Distraction is an important aspect of human factors, having contributed to many accidents and/or incidents in the history of aviation. It can be defined as a condition generated in the operating environment that affects or complicates the performance of a task or a crews compliance with applicable standards.
There can be multiple causes of distraction of flight crew on a flight deck. These include and are not limited to:
This includes non-relevant communication taking place within the cockpit, especially during periods of high workload. This is the primary reason behind many airlines adopting a "sterile cockpit" policy below 10,000 feet, wherein the crew must refrain from any non-relevant conversation, or chit-chat, so that maximum attention can be paid to the airplane flight path. The most notable accident caused due to a distraction caused by irrelevant communication was that of Eastern Air Lines Flight 212, which crashed just short of the runway while carrying out an instrument approach into Charlotte airport in challenging weather conditions, killing 71 passengers. The investigation revealed that during the approach, flight crew engaged in non-essential conversation on topics like politics and used cars!
Flight attendant entering the flight
Cabin crew are strictly instructed in most airlines to refrain from calling or entering the flight deck during periods of high cockpit workload, unless safety dictates otherwise. Within my own organisation, there was an incident, wherein a B777 whilst in descent in Chinese airspace was instructed by the ATC to increase its descent rate to 3000 fpm. The pilot selected the "Vertical Speed Mode" for the descent. As the airplane's descent rate increased, so did its indicated airspeed. Since there is no "overspeed protection" on the B777, if descending in the VS mode, the airplane momentarily exceeded its Vmo. The pilot had been distracted from monitoring the airspeed due to the in flight purser entering the flight deck to fill out the cabin defect log and explaining the cabin defects to the pilot.
Calls from ATC or Company
Similarly, there have been and there continue to be umpteen number of cases wherein the pilots have failed to monitor critical safety aspects of the flight while they were busy communicating either with the ATC or company.
Pilots are highly trained individuals, used to performing routine tasks over and over again, on a day to day basis. Hence, they often develop good levels of expertise and skills in doing so over a period of time. However, the flip side of this is when a non-normal situation exists. Pilots tend to get distracted by the non-normal condition to such an extent that they fail to monitor their flight path. Prime examples of this are United Airlines Flight 173 and Easter Air Lines Flight 401. Both airplanes crashed while the crew turned their attention to a landing gear abnormality and thus failed to monitor their critical airplane systems and flight path.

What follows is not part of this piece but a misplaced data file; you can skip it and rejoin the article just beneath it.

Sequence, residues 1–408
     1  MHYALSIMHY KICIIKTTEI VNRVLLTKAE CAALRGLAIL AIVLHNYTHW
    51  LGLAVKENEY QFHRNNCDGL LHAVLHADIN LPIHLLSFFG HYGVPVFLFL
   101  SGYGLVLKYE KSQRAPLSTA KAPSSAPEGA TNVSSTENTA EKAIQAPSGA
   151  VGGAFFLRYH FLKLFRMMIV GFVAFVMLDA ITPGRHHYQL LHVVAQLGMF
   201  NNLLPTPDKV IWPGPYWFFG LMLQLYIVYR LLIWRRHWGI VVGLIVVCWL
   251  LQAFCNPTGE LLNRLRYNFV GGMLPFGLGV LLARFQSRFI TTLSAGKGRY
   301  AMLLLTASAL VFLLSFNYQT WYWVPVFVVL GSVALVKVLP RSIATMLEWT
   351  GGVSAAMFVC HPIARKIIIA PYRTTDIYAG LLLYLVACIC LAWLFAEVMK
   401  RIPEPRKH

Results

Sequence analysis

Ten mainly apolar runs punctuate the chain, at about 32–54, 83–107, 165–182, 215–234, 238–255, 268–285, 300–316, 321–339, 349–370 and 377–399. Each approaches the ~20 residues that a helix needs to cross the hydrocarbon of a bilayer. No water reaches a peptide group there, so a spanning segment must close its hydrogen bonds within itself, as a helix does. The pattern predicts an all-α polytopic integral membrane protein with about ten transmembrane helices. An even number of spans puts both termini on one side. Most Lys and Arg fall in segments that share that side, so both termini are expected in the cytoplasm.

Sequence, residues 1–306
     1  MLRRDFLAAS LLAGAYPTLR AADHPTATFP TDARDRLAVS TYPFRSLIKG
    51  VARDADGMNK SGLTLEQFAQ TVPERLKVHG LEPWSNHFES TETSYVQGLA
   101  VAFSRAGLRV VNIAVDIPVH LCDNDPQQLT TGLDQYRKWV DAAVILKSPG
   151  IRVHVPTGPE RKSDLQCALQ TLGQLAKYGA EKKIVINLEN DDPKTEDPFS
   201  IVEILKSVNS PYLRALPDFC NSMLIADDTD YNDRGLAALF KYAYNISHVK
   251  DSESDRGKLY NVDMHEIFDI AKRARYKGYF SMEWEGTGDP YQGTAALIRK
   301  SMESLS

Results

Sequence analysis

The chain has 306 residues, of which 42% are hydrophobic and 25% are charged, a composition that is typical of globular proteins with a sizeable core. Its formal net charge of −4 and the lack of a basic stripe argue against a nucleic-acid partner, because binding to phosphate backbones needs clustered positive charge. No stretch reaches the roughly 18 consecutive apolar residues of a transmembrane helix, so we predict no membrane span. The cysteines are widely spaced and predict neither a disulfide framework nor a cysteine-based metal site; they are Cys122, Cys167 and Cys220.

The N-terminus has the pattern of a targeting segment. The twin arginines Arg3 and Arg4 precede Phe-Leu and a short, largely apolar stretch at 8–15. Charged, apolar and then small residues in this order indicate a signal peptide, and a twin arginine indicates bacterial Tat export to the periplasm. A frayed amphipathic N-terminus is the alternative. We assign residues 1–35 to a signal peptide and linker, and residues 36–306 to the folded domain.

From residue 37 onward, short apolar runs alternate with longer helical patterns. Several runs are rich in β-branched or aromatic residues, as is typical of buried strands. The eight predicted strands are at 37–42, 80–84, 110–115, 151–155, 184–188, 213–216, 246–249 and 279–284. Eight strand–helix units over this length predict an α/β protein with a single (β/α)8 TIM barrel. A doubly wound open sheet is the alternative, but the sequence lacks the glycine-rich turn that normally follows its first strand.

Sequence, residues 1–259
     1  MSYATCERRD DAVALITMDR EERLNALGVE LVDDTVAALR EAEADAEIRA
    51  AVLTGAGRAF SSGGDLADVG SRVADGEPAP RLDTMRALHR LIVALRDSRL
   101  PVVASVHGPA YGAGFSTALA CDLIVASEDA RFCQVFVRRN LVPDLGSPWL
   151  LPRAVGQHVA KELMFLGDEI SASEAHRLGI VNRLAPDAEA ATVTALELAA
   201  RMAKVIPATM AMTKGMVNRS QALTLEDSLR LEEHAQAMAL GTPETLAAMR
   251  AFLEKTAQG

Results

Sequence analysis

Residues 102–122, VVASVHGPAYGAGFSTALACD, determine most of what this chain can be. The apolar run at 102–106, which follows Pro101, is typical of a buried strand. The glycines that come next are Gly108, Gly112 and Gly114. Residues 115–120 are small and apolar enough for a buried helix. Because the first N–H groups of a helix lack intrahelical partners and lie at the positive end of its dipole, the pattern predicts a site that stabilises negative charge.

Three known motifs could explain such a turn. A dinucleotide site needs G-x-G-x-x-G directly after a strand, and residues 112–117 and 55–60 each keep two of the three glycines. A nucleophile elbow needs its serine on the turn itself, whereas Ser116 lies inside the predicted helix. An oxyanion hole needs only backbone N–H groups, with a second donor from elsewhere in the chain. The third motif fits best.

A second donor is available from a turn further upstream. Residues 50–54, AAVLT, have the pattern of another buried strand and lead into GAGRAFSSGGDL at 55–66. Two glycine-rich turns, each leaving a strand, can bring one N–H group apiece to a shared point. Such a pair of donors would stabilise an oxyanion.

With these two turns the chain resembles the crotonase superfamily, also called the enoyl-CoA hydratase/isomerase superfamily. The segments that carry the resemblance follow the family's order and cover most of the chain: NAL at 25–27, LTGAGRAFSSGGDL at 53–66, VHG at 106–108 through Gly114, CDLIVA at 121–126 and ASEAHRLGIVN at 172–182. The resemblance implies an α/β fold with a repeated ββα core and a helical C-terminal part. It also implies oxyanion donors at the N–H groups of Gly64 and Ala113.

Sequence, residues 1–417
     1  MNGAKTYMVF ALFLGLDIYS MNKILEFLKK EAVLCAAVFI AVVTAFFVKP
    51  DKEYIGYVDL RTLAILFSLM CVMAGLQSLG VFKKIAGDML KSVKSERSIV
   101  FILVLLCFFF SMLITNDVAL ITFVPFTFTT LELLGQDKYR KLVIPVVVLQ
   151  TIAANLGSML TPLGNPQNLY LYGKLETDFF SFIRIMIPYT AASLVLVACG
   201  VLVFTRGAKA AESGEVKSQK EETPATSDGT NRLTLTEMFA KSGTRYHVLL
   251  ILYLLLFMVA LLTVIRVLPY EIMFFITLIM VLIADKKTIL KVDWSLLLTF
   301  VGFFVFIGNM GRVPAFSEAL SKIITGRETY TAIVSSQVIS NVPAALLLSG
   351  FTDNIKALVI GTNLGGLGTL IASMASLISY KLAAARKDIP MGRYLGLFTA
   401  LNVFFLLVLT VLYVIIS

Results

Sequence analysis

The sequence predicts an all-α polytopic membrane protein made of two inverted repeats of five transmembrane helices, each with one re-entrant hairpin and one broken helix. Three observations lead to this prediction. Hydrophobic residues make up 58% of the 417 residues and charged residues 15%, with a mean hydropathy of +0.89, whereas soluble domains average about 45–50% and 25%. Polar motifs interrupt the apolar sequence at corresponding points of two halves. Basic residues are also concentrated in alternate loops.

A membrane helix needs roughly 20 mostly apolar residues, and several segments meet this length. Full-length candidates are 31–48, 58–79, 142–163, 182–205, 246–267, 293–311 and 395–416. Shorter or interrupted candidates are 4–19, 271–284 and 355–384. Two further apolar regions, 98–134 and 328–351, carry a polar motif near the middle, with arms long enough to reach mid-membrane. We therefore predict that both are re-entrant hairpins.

Heads Down Activity
This includes reprogramming of on board computers and flight management systems during periods of heavy workload, which can preclude pilots from monitoring the airplanes flight path when the airplane is operating at low altitudes within a dense network of airspace.
General Consequences of Distractions
As it can be seen, distraction can seriously hamper the safety of a flight. Some of the general consequences of distraction include, and are not limited to, breaking the flow of cockpit procedures, increased workload, reduced situational awareness, fixation, missing/misinterpreting of ATC instructions, etc. Clearly, every single consequence can have a devastating impact on the safety of the flight. Some of the situations, which can arise as a consequence of distraction include, and, again, are not limited to, runway/taxiway incursion, incorrect configuration for takeoff, level busts, unstable approaches, wrong input of weights into the FMS and incorrect computation of takeoff speeds.
Most international carriers globally, incorporate a Safety Management System (SMS), which encourages reporting instances, whereby the safety of a flight was compromised. The good part of such a system is that its generally non-punitive, unless there is an intentional violation, which compromises the safety of the flight. It thus gains the confidence of the pilots and makes the system more effective. The company must make a conscious effort to expose its flight crew to the potential hazards of distractions. Strict adherence to the 'Sterile Cockpit Rule' is implemented. Cabin crew and ground staff are trained and instructed to refrain from interrupting the cockpit crew while they're in the midst of a briefing or entering critical flight data into the FMS, including computation of takeoff speeds. Strict adherence to SOP is mandated and checklist discipline is reinforced during line and simulator training. The key here is for every company to "educate" it's staff with regards to the challenge that is posed by distraction, affecting the safety of the flight.